Download

Audience for the document: Share Class: Language of the document:

Download

Share Class: Language of the document:

Change Details

If you need to change your email address please contact us.
Subscriptions
OK
You are ready to start subscribing.
Get started by going to our products or insights section to follow what you're interested in.

Products Insights

GIPS® Information

T. Rowe Price ("TRP") claims compliance with the Global Investment Performance Standards (GIPS®) and has prepared and presented this report in compliance with the GIPS standards. T. Rowe Price has been independently verified for the twenty four-year period ended June 30, 2020, by KPMG LLP. The verification report is available upon request. A firm that claims compliance with the GIPS standards must establish policies and procedures for complying with all the applicable requirements of the GIPS standards. Verification provides assurance on whether the firm’s policies and procedures related to composite and pooled fund maintenance, as well as the calculation, presentation, and distribution of performance, have been designed in compliance with the GIPS standards and have been implemented on a firm-wide basis. Verification does not provide assurance on the accuracy of any specific performance report.

TRP is a U.S. investment management firm with various investment advisers registered with the U.S. Securities and Exchange Commission, the U.K. Financial Conduct Authority, and other regulatory bodies in various countries and holds itself out as such to potential clients for GIPS purposes. TRP further defines itself under GIPS as a discretionary investment manager providing services primarily to institutional clients with regard to various mandates, which include U.S, international, and global strategies but excluding the services of the Private Asset Management group.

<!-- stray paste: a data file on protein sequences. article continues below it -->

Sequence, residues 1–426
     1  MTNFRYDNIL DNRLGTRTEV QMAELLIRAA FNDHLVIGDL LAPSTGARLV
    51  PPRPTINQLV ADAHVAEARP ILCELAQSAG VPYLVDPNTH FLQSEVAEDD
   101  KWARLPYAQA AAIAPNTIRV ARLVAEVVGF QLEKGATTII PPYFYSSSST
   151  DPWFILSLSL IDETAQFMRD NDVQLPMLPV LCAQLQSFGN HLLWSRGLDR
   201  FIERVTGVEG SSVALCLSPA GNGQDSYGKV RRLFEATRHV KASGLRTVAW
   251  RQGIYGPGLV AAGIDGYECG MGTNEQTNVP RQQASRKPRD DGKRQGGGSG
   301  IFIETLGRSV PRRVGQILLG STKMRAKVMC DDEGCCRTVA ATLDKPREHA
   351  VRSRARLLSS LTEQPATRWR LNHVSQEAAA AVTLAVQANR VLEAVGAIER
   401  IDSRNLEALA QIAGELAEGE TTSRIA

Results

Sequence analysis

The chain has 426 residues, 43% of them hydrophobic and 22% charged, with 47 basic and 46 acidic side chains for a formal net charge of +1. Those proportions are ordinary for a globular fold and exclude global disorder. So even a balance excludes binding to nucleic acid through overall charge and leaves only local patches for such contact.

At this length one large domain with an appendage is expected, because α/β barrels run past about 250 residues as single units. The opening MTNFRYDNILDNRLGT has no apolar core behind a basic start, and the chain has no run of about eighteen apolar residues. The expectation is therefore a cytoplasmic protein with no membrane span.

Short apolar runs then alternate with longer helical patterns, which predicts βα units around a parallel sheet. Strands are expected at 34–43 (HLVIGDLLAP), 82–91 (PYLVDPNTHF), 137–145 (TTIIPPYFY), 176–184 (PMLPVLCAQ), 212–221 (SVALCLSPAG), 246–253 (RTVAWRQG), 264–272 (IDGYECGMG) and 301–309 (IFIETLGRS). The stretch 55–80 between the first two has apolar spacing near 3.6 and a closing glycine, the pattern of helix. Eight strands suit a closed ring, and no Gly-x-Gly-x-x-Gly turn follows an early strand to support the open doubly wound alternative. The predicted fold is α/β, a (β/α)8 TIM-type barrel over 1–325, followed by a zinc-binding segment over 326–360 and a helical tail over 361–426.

A complete list and description of all of the Firm's composites and/or a presentation that adheres to the GIPS® standards are available upon request. Additional information regarding the firm's policies and procedures for calculating and reporting performance results is available upon request

Other Literature

You have successfully subscribed.

Notify me by email when
regular data and commentary is available
exceptional commentary is available
new articles become available

Thank you for your continued interest

Please enter valid search characters

Video

Why Knowing the Absolute Market Bottom Doesn't Matter

Sébastien Page, CFA, Head of Global Multi-Asset

Summary

In considering how much risk to take on in this environment, especially stocks relative to bonds, our Asset Allocation Committee has analyzed previous significant market sell-offs over the past 90 years. The analysis shows that investors should not be overly focused on trying to time the absolute market bottom.

Transcript

We don’t have a house view at the firm, but the key question we’re debating in our asset allocation committee is how risk-on do we want to position our portfolios, in particular the stocks versus bonds decision. We think people saving for retirement should be invested for the long run and should stay diversified over time, but tactically are there opportunities to add to stocks on weakness or should we be pulling back and playing defense?

During the sell-off, we have been adding to stocks on the margin. Now, over the last two weeks, the S&P 500 is up 26%, which is remarkable, so at this point we’re going to sit tight and keep our moderate overweight stocks relative to bonds position. Should we try to time the bottom? Have we seen the bottom? Or are we going to revisit an even deeper bottom? It turns out it doesn’t matter that much. You don’t necessarily have to try to time the absolute bottom in order to implement tactical decisions on stocks versus bonds.

We just did a study going back 90 years. We looked at 17 times during which the S&P 500 sold off by 15% or more, and if you had bought early, say one month before the absolute bottom, you still would have made money on stocks versus bonds 12-month forward 17 out of 17 times, a 100% hit ratio. Interestingly, if you bought late, say one month after the absolute bottom, you still would have seen a 100% hit ratio. You would have made money 17 out of 17 times.

This is historical evidence. The current crisis is quite different in the speed of the sell-off, in the speed of the economic heart attack, and in the speed of the monetary and fiscal response. But nonetheless, the bottom line is that there’s no need to time the absolute bottom if you’re willing to add to risk assets when they’ve sold off significantly. Now on stocks versus bonds, we’re going to sit tight for the moment, but we’re also going to look for other opportunities to add risk. Over time, one year forward, two years forward, it’s likely that those positions will pay off.

202004-1152395